One of the most amazing experiences of my writing life was when two colleagues from my day job started arguing about two of my characters as though the characters were real people. Obviously, I feel my characters are real people. I lived with them in my head for a year and I know them pretty well, but to hear someone else discuss them in that way… mind blowing. Also, very cool.

You have to learn about Marketing
I used to think that selling books was about quality. If you write a good book, it will sell itself. Er … no. A good book with no marketing will sink without a trace. A bad book with good marketing, might sell well. The holy grail is a good book with good marketing. I can write. I spent years learning how to do that and I’m improving with each book. But marketing? I knew absolutely nothing about that.
I had assumed that publishers would take care of all that. Maybe, in the dim and distant past, they did, but now they are so stretched and the world of book selling is so competitive, they can’t do all that much.
So now I’m reading marketing books and trying to learn this voodoo that is marketing. One day I might even get the hang of it.

There will be more ideas
It took me three years to write my first book, I thought that was the only book I would ever write. It was, as my first NWS reviewer said, clearly a book of my heart. Write another, she said. Write something you’d read for fun. I had a moment of panic. I’d had my idea. That was it. Story written, that idea was now tied down. How did I find another one? How did you get the muse to strike again? As every wannabe writer asks whenever they get the chance where do you get your ideas from?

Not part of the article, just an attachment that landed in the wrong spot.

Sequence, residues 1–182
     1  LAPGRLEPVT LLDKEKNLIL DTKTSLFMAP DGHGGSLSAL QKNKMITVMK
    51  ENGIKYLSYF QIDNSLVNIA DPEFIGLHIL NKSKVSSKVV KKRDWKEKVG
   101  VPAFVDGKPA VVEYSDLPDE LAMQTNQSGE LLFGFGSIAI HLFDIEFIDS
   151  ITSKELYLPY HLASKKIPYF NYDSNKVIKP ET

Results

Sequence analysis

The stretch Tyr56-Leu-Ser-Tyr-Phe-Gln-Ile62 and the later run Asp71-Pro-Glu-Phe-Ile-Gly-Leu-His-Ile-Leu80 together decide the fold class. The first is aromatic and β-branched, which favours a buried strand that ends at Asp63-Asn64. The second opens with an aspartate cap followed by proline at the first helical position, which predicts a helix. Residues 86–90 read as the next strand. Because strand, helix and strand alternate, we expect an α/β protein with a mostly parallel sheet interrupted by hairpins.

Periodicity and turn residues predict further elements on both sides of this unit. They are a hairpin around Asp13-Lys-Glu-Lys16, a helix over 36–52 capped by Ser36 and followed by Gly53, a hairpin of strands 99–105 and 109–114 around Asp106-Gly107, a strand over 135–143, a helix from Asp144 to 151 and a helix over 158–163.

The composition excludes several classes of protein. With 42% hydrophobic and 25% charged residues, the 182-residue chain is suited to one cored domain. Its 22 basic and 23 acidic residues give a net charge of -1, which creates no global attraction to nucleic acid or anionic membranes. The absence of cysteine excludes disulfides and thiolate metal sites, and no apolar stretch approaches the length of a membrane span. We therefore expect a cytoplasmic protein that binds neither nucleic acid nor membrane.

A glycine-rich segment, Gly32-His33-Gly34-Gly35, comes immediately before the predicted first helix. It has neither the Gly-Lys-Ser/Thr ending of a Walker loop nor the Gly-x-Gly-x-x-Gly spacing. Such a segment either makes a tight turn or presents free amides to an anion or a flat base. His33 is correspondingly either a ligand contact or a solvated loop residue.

I eventually dug out an old idea (and I mean really old, I’d started writing it as a teenager). It was a weak, thin fragment of a thing. All I really had were two characters, one male, one female. She was cooler than he was. Not much of a story, really. I gave him a problem (he wanted a promotion at work). I gave her a problem (she’s hiding from something). I drafted a plot – thin and weak, but it was a start – and sent it to my writing partner. She came back with a load of questions. Slowly, slowly a plot emerged.
Writing book 2 taught me that ideas rarely come to you fully formed. They take work. This was a liberating thought. All those pathetic looking fragments of ideas have the potential to be fully fledged. I may not have many fully formed story ideas, but I’ve got TONS of unformed storylets.